How The Pandemic Has Seen Big Law Knock Back The ‘Prestige Factor’

How The Pandemic Has Seen Big Law Knock Back The 'Prestige Factor' 2
Bloomberg Law columnist Roy Strom writes about the Big Law lateral hire moves roaring back to life and some key changes to life in Big Law that have seen prestige take a back seat to change and efficiency

Roy Strom* – One character trait I admire in people is being able to admit when they are wrong. We’re all wrong sometimes. I’m wrong a lot. It’s healthy to admit it. So, in honor of my 100th column here at Big Law Business, I’m going to own up.

The first sentence in my first column, back in July 2019, turned out to be wrong—or at least poorly timed.

I wrote: “Almost any change to the prevailing Big Law business model takes a long time. Like, a really long time.”

Less than a year later, I was writing about firms deciding to basically stop paying their equity partners. Pretty big change. Didn’t take a long time!

Two years, two months, and one life-changing pandemic later, Big Law has never changed so quickly.

It’s worth examining the scope of decisions Big Law managers have made over the past 26 months. They have been drastic and happened in the relative blink of an eye in Law Firm Years.

While many of the changes appear surface-level—working from home is not a big deal when we all do it—they reflect deeper reconsideration of some of the worst instincts and biases that I’ve long railed against in the Big Law business.

The ego-based requirement that a law firm purchase flashy office space just to send a W-2 to a new state is quickly fading. Nobody was thinking in early 2020 that law firms’ office-first culture was somehow breathing its last breath. Today, you’d be hard-pressed to find a managing partner who wouldn’t hire a great candidate in a strange city.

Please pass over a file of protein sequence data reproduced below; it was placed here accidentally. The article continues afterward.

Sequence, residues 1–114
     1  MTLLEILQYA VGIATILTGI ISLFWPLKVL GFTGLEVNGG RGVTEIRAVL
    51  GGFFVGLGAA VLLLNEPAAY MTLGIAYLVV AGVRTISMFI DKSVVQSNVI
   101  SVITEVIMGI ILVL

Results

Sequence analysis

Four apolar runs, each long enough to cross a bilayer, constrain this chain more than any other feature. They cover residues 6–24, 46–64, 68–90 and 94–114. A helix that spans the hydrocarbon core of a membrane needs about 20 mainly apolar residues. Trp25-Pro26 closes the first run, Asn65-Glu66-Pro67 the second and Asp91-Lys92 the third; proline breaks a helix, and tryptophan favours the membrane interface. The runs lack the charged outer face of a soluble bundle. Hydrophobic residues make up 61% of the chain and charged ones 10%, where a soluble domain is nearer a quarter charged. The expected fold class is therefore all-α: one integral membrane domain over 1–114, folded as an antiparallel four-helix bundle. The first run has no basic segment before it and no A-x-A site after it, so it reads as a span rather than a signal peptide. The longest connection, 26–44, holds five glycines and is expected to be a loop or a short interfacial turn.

Roy Strom

The speedy pace of change raises an important question: After altering their businesses in response to a pandemic, will Big Law partners be more comfortable making other big changes?

Take a quick trip back to March 2020 with me. When the pandemic was expected to cause a significant downturn in the legal business, I hypothesized the Big Law lateral market could see its own shelter-in-place moment.

It happened. Lateral moves at the top 50 law firms through three quarters of 2020 fell by a third from the same 2019 period, according to data provided by Firm Prospects, which tracks such activity. Goodbye whirlwind national office tours; who needs ‘em?

Firm managers reinvented the hiring process on Zoom. When former Jenner & Block chair Craig Martin opened a Chicago office for Willkie Farr & Gallagher in March 2020, he told me: “It’s been a virtual relationship.” This was less than two months after Tom Hanks got Covid, that indelible flashbulb moment.

Read more at Bloomberg Law

Author Bio

How The Pandemic Has Seen Big Law Knock Back The 'Prestige Factor' 3

Roy Strom covers the Big Law legal market and related issues for Bloomberg Law, where this column first appeared. He may be contacted via Twitter or at [email protected]

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